It’s hard to believe it right now, but time will sort it all out. Looking around me at the goings on now, the signs don’t appear to be that of a resilient society set to tackle any and all challenges head on. Fear is what I note most, and it is producing a ponderous lethargy, but also I see flashes of anger. That way smells of death to me. I’d rather be alive whilst I am.

It sure has been a cold and cloudy week. Overnight I let the wood heater burn itself out, and this morning I awoke to experience 14’C / 57’F in the house, and 1’C / 34’F outside. The forecast predicted snow, but none occurred and despite the cold conditions, all we had was more rain.

A pretty cold morning 1’C / 34’F outside – not a time to be camping in this mountain range

With the extensive thick low cloud cover, the skies have been particularly gloomy this week.

It was a very gloomy and frosty week this week

On the one dry day we had available, we continued to cut and split the pile of logs which were left over from the house excavations which were done almost a dozen years ago. The excavator operator swore that one day I’d use those logs as firewood, and I guess he was right. It is a hard job as some of those logs were buried in the soil and had to be extracted. But, once cut they produce pristine firewood and over the next year or two, they’ll dry to about a 14% moisture content.

The pile of half buried logs is getting smaller

There’s probably another days work to go on that firewood job before it is completed.

Regular readers will recall the recent epic wind storm which did an enormous amount of damage to forests in this part of the country. Some parts of the forest in this mountain range were knocked flat by the winds, and the clean up in this mountain range is still continuing today, as it is elsewhere in the central highlands.

Just near to one of the orchards, a tall tree split in the epic winds. However the tree did not fall to the ground. Instead, whenever the wind blew from any direction the broken top of the tree swayed around with the wind. Eventually the tree bent enough that the head of the tree became stuck in an adjacent tree. To put it mildly, it was a very dangerous tree and you wouldn’t want to be anywhere near the tree when it fell.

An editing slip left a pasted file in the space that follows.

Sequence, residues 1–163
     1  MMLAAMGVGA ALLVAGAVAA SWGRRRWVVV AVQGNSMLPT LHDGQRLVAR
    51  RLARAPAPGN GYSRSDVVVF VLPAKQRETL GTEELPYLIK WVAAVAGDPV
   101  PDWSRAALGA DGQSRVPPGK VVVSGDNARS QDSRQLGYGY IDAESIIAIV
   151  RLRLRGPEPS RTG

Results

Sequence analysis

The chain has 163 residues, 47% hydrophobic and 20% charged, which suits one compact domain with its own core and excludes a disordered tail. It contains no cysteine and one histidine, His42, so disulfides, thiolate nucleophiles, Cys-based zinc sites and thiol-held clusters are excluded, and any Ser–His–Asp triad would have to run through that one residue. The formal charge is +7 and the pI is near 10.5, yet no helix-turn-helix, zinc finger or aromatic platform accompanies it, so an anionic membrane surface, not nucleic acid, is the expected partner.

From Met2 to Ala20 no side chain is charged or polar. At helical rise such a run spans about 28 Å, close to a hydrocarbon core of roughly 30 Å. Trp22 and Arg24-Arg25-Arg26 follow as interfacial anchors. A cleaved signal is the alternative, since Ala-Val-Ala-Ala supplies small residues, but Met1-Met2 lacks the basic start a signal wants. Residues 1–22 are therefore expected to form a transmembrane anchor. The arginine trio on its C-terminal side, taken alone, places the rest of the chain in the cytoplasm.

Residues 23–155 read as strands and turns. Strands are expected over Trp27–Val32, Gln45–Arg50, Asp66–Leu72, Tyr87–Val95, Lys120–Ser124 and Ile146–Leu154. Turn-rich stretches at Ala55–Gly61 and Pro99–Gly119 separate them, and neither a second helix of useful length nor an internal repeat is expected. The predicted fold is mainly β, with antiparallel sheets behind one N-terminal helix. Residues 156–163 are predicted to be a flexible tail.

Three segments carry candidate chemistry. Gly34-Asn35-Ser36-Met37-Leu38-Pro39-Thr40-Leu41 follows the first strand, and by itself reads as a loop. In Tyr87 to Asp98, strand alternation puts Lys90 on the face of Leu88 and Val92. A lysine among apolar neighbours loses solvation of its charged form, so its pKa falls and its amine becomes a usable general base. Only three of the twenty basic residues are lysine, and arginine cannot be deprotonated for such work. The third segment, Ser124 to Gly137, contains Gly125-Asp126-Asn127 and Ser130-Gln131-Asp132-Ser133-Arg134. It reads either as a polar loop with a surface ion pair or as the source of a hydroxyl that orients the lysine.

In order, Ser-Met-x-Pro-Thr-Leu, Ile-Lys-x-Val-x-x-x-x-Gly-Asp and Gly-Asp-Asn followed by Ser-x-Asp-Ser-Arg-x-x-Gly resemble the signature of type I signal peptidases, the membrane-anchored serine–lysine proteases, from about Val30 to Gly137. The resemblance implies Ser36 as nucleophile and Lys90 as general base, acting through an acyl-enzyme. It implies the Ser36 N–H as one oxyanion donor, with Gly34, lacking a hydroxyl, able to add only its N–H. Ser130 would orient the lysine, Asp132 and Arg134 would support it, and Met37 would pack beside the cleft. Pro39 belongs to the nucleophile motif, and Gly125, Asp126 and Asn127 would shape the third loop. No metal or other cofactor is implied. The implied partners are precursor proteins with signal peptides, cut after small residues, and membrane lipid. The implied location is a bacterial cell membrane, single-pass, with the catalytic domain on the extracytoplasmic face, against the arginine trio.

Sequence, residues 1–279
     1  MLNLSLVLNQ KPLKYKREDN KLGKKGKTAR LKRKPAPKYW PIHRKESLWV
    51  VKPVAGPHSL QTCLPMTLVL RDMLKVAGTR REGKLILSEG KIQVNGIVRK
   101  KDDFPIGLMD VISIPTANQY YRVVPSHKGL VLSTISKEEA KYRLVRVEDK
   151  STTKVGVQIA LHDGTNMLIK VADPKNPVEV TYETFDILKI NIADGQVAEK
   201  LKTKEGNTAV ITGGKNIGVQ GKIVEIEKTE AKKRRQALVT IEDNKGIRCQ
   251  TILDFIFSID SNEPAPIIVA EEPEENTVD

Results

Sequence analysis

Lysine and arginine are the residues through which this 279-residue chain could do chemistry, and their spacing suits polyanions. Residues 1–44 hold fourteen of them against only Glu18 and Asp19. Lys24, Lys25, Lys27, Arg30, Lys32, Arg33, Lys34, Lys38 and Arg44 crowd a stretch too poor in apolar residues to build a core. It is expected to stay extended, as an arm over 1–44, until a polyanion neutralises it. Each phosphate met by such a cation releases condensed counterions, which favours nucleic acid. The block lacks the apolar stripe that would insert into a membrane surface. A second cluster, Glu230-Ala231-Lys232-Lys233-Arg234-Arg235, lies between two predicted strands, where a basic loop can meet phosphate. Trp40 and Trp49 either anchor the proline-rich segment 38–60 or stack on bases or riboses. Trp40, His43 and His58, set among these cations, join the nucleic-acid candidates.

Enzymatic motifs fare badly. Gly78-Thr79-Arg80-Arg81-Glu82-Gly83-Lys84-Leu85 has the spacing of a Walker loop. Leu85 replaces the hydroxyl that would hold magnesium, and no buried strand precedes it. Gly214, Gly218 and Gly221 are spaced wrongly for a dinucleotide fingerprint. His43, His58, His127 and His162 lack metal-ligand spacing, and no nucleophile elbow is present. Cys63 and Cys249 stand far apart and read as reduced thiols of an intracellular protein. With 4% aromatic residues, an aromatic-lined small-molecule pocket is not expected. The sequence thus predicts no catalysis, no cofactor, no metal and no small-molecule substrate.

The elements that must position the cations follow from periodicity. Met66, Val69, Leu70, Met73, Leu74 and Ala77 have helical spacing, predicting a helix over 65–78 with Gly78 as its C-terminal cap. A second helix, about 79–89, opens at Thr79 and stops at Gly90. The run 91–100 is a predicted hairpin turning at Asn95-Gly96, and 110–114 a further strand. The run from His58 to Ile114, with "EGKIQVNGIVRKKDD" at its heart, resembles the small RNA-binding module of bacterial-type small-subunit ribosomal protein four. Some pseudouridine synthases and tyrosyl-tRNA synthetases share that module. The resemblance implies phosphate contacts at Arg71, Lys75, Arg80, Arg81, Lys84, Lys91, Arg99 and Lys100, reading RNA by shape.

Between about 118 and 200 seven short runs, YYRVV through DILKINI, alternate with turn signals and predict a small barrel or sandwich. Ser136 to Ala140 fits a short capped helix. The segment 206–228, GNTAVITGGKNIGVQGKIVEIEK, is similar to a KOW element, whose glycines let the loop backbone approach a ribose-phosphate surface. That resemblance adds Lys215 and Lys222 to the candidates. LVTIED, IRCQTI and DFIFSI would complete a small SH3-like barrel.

The tree to my right split and became stuck in an adjacent tree where it could fall at any moment. Fortunately the editor did not waste any time taking this photo.

Overnight Friday night, a random strong gust of wind dislodged the head of the dangerous tree, and it fell to the ground without squashing anything or anybody. That’s what I call a good outcome.

The split tree eventually fell to the ground where it is now waiting to be processed into firewood

There are tentative signs of spring. An almond tree has begun to produce leaves.

An almond tree has broken dormancy and is beginning to produce leaves

Many Rhododendron’s grow in among the orchards, and they are beginning to form the early stages of their amazingly showy flowers.

Rhododendron’s are beginning to produce the very early stages of their flowers

The many citrus trees continue to produce fruit, like this Meyer Lemon.

Meyer Lemons grow in abundance

And I noticed that one of the Douglas Fir trees has produced some seed pods.

This Douglas Fir has produced seed pods

Onto the flowers:

When the bees get back into action, they’ll love these Echium flowers
Hellebores produce a great show of colour in the winter garden
Hellebores come in various shades
And some Hellebores are real stunners

The temperature outside now at about 10.00am is 7’C (45’F). So far this year there has been 759.6mm (29.9 inches) which is up from last weeks total of 720.8mm (28.4 inches)

49 thoughts on “Alive”

  1. Hi Inge,

    The editor is a fan of chicken liver. There’s an old saying about: ‘everything but the squeak’, to describe the use of all edible parts of an animal. I suspect that folks these days just aren’t hungry enough to consider the lesser cuts. I’m guessing that how it works nowadays is that at the abattoir, the lesser cuts are either sent off to be processed into ‘blood and bone’ for plants, or as a protein additive to pet food. I doubt much is wasted.